Skip to content

Martin St. Louis on lockout: “It’s tough to take”

Oct 27, 2012, 10:00 AM EDT

Martin St. Louis AP

On the heels of the latest round of game cancellations, Martin St. Louis fumed to Tampa Bay Times reporter Damian Cristodero.

“I’m shaking my head every time I wake up,” St. Louis said. “We’re telling everybody we’re going to go to 50 percent, let’s share responsibility to get there. They don’t want that. Again, they want to hit us. It’s us, 24 percent last time and now 12 percent, and doing that when the game has grown the most, it’s tough to take.”

St. Louis seems to understand that some look at the CBA negotiations as squabbles between two very rich parties, but tries to explain the struggle.

“Nobody is crying poor here, and I think it’s hard for the fans to understand that,” St. Louis said. “But it’s about when there’s a problem we have to fix it all the time and they don’t want to take responsibility, too.”

If the lockout remains a problem that simply won’t get fixed, St. Louis admits that the draw of playing overseas is getting stronger.

“I want to play,” St. Louis said. “I need to play. If it’s not here, I’ll be playing somewhere. I don’t know when that date is, but every day I wake up, I’m closer to that date.”

More St. Louis lockout stories

He’s worried the lockout could hurt his career

“If we have to sit, we’ll sit.”

  1. manchestermiracle - Oct 27, 2012 at 10:27 AM

    As far as I can with my limited knowledge of NHL business, I understand the needs and desires of both sides. What I can’t figure out is why these two sides can’t/won’t sit down and hammer out an equitable agreement.

    The inability to agree on what constitutes hockey-related revenue is one sticking point. Both sides signing player contracts that owners don’t want to honor in the new CBA is another. Multiple other relatively minor issue include contract lengths, definitions of free agency, entry-level contracts, etc.

    The owners are looking at the expired CBA, comparing it to revenue growth since it was signed, and see lots of money they aren’t getting. The players are looking at simply maximizing their earning potential for the window of playing time they have. A 50/50 split on revenue sounds fair, but how to get there from the current 57/43? What is HRR? Owners want an immediate 50/50 split, players want to get there incrementally over a few years. Owners say HRR is X, players say it is Y.

    I’m thinking owners don’t want to open their books to player reps because it takes away any advantage of not including certain aspects of income that could be considered HRR. Players know this and don’t want to give back money already promised them in the last CBA.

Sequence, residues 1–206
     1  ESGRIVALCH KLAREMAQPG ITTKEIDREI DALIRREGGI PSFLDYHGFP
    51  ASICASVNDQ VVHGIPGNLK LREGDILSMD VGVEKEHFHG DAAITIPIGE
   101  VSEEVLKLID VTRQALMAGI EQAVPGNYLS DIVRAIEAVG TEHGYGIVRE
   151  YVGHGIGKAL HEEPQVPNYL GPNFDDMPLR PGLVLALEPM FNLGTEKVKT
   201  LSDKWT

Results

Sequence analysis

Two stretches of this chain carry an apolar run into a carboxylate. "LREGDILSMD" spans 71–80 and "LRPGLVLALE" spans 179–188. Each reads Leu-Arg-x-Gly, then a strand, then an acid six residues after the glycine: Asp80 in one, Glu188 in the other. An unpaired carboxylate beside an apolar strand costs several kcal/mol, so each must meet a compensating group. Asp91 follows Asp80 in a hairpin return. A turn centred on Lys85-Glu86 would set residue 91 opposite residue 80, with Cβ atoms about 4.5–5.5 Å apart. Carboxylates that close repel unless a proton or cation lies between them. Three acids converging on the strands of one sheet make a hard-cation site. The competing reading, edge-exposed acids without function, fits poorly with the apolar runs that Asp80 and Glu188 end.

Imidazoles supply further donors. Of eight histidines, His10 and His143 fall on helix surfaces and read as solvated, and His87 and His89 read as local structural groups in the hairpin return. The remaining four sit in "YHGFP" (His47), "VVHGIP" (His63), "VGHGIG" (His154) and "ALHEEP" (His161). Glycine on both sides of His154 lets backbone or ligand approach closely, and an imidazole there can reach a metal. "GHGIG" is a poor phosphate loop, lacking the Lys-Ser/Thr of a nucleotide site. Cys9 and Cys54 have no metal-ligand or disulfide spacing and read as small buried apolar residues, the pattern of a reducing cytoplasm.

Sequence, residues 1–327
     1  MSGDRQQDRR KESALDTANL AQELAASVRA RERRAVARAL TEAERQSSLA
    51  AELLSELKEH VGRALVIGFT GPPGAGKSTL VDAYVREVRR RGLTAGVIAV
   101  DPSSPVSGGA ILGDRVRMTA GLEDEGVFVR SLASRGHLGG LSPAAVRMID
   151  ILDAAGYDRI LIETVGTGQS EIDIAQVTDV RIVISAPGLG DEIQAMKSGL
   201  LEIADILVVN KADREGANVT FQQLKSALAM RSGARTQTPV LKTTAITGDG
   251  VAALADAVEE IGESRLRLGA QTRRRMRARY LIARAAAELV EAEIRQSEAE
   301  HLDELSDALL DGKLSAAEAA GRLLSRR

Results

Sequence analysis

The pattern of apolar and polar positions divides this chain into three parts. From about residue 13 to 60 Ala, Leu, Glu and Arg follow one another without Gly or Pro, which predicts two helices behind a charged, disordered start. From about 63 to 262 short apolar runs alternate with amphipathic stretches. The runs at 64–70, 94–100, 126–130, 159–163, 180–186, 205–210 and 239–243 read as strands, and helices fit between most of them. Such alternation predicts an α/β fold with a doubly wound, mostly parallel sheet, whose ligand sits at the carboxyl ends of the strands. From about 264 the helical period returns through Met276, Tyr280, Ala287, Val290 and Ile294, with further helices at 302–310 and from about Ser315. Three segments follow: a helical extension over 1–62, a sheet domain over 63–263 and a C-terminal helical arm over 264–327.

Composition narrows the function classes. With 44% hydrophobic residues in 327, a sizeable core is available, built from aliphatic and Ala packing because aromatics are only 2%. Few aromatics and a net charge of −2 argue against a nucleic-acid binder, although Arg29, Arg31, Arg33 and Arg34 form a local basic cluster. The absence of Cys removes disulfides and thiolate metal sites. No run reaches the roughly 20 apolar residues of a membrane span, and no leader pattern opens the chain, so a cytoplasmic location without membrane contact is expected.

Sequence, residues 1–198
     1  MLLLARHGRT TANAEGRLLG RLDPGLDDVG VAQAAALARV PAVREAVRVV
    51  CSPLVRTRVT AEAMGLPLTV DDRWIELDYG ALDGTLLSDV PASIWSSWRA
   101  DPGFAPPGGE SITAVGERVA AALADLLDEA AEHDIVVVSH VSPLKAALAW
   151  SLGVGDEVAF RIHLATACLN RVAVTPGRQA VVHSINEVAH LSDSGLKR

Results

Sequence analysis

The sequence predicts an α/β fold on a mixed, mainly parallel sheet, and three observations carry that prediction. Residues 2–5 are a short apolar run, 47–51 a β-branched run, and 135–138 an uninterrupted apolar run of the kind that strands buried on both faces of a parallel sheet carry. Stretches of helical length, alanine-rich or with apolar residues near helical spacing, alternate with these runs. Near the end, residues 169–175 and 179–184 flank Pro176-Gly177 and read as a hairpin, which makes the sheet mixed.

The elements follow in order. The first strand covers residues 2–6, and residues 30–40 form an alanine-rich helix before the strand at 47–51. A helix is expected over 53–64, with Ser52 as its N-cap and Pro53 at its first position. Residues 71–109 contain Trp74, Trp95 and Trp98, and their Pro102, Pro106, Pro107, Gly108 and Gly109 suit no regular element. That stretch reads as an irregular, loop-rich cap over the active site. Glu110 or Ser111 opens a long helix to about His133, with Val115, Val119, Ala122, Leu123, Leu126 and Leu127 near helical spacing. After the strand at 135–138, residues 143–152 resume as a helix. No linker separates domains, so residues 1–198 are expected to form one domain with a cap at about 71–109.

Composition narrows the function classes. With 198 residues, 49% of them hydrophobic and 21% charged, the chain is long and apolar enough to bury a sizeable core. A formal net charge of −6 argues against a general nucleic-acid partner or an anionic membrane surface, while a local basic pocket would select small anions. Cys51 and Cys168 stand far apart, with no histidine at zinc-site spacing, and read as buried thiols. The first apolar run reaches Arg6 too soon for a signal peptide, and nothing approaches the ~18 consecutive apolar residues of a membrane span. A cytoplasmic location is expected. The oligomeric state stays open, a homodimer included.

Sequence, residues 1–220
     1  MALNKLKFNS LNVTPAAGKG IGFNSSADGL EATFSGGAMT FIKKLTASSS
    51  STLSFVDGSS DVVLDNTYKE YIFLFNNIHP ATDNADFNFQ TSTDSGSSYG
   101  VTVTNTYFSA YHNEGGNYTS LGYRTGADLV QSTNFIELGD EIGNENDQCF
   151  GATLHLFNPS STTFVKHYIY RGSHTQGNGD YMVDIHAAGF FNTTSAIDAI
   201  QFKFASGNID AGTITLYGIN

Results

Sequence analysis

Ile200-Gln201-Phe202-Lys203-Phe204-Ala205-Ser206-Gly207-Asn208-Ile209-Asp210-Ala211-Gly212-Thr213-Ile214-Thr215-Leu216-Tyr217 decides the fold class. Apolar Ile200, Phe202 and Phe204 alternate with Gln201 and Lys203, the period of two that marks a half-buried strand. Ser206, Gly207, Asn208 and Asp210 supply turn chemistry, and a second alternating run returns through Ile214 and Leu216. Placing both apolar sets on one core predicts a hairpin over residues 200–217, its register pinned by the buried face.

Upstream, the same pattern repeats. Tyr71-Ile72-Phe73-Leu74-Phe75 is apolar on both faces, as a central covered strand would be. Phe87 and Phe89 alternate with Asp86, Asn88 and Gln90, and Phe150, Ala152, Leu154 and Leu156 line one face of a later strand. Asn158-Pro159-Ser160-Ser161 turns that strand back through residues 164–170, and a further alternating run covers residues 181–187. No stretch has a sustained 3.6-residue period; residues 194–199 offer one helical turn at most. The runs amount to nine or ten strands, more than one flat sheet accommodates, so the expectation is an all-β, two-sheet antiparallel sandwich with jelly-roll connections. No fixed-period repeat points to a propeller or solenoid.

Okay, guys, am I getting any of this right? Whether I am or not, I do know this: I don’t watch hockey, or any other sport, in order to gain an in-depth insight into the business dealings that make the sport go. I watch because I want to see competition on the ice (or field). If there are no games then I find something else to do with my free time. I’m sure there are many like me. Keep cancelling games, NHL, and many of us will find permanent alternatives. Hey, I watched a QMJHL game last night and it was pretty good. Well, okay, better than no hockey at all.

    • id4joey - Oct 27, 2012 at 11:33 AM

      Excellent post Manchester. Wish there were more like you. I’m no genius when it comes to NHL business, but, I will offer the following. If both sidea are willing to negotiate in good faith then someone will have to step up as did Robert Kraft during the NFL lockout. See the following;

  2. rainyday56 - Oct 27, 2012 at 11:13 AM

    Manchester: I agree with your point, we do not follow sports to get into the business aspects of it. The business end of sports should be invisible so as not to overshadow the games themselves. Since the introduction of the salary cap, the NHL business operations have been anything but invisible and have in fact dominated hockey headlines.

  3. fortwaynekomets - Oct 28, 2012 at 5:53 PM


    did you watch Bob Costas Tonight with Jeremy Roenick?

    Jermey said the owners are SAVING money during this lockout!!!!!

  4. id4joey - Oct 28, 2012 at 8:59 PM

    Agreed! id4joey
    Oct 27, 2012, 4:46 PM EDT
    They don’t care about the fans. They’ll start caring when they have settled. Until then, they are looking out for their best interest. Players have already lost over $350 million in salaries that they will never never see. Owners have lost as well, but they will be around much longer than the players giving them more time to make up for lost revenues. The players are better off taking a hit now, as opposed to waiting any longer. Ultimately, they will end up loosing more and more with each passing week. The band of players realizing this will grow bigger and bigger by the day and they ultimately will put pressure on the PA to make a deal. Hockey will be here, and I’ll be watching live and on TV. NHL package and all. I have to admit that initially I was posting that we should strikekf they locked us out, but eventually understood the business side.

Top 10 NHL Player Searches
  1. P. Kessel (1704)
  2. P. Kane (1333)
  3. M. Richards (1210)
  4. P. Datsyuk (1198)
  5. N. Backstrom (1057)